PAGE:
Amid all this furor, health-care advocates worry the administration might soften the approach Trump outlined back in September. For example, the ban could exempt some flavored e-cigarettes or give broader leeway around who can sell vaping products.
“There has been intense political pressure and lobbying by the e-cigarette industry to gut the administration’s plan,” the Campaign for Tobacco-Free Kids said in a statement released over the weekend. “If the administration caves to these efforts, the e-cigarette industry and the political swamp will win and America’s kids will lose.”
Paul Blair, director of strategic initiatives for Americans for Tax Reform, says the ban could also include an endorsement of legislation being pushed by Senate Majority Leader Mitch McConnell to raise the legal age for buying tobacco to 21, a step the FDA can't take on its own.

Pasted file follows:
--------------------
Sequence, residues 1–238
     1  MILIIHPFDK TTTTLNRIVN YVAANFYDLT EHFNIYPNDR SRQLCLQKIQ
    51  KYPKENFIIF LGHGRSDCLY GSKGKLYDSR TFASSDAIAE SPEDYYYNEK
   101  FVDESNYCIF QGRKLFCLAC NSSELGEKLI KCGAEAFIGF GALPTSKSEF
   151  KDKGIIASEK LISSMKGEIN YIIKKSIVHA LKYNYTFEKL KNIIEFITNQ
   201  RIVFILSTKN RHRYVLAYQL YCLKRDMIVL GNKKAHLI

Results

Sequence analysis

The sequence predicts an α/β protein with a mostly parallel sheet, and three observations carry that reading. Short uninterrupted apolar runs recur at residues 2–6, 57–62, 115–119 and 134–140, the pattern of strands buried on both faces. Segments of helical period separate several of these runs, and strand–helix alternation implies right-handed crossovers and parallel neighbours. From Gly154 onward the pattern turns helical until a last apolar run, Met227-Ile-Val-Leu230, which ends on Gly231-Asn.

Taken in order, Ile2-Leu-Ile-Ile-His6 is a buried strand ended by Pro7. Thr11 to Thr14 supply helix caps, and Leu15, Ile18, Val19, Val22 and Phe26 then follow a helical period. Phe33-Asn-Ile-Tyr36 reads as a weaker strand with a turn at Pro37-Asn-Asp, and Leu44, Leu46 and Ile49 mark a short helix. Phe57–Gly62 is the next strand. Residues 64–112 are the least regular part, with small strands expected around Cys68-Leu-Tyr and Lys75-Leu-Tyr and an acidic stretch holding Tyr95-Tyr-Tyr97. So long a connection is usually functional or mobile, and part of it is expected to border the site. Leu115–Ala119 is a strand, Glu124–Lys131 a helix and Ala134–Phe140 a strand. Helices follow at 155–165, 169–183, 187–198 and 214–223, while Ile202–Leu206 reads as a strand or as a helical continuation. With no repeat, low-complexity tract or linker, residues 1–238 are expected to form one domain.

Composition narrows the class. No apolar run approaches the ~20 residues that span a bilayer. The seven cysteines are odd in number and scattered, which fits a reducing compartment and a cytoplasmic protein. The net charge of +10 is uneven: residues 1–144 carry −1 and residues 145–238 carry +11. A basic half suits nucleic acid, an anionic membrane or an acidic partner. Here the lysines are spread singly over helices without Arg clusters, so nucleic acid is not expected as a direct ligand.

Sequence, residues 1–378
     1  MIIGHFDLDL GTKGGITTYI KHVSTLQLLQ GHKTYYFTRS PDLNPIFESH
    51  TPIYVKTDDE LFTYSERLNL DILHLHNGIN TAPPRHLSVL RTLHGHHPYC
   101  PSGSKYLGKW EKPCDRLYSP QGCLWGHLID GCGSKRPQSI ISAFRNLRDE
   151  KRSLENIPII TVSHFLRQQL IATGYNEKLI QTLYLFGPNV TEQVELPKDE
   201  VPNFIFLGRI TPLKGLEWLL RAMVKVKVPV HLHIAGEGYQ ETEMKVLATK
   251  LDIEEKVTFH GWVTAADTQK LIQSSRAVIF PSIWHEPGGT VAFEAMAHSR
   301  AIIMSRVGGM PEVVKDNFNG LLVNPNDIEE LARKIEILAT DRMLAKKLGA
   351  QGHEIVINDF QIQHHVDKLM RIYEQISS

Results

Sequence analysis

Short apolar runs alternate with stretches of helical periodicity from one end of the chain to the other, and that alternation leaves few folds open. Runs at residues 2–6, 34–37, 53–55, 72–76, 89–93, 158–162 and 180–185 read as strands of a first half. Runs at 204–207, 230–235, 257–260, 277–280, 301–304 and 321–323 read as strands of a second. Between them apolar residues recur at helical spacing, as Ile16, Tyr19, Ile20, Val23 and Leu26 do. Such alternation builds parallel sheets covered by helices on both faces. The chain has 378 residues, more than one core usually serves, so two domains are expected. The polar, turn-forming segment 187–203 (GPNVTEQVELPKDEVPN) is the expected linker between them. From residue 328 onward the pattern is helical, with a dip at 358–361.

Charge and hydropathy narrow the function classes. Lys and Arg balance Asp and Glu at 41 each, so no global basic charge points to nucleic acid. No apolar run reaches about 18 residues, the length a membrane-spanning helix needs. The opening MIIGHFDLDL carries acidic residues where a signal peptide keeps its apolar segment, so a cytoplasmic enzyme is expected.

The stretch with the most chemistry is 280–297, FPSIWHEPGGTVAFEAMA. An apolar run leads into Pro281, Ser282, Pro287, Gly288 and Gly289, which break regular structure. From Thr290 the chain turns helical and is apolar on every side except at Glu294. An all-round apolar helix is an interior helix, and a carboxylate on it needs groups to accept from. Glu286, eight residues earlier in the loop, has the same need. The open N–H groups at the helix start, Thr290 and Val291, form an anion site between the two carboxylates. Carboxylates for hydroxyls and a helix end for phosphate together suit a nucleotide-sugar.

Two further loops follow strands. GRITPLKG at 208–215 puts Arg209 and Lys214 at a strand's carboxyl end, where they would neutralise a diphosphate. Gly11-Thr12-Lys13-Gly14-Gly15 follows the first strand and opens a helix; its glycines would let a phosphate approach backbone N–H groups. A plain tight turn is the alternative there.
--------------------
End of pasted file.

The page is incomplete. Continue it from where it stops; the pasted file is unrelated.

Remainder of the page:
Blair was one of thousands of vaping advocates who participated in the protest on the Ellipse on Saturday:
Lots of cool signs at the #VapeRallyDC2019, and a lot of adult vapers here form all over, including Florida! They’re using some of my numbers on adult vapers there. Love it. pic.twitter.com/eNw5UG4i3f— Paul Blair (@gopaulblair) November 9, 2019
This much is clear: There are sharp divides inside the administration over how far a ban should go and whether e-cigarettes have any redeeming qualities (such as helping people stop smoking traditional cigarettes). Joe Grogan, the conservative and influential head of the president’s Domestic Policy Council, said last week he still thinks e-cigarettes can still be a good alternative. “We really want to make sure we are data-driven on this and striking the right balance between adult choice and protecting kids,” Grogan told reporters.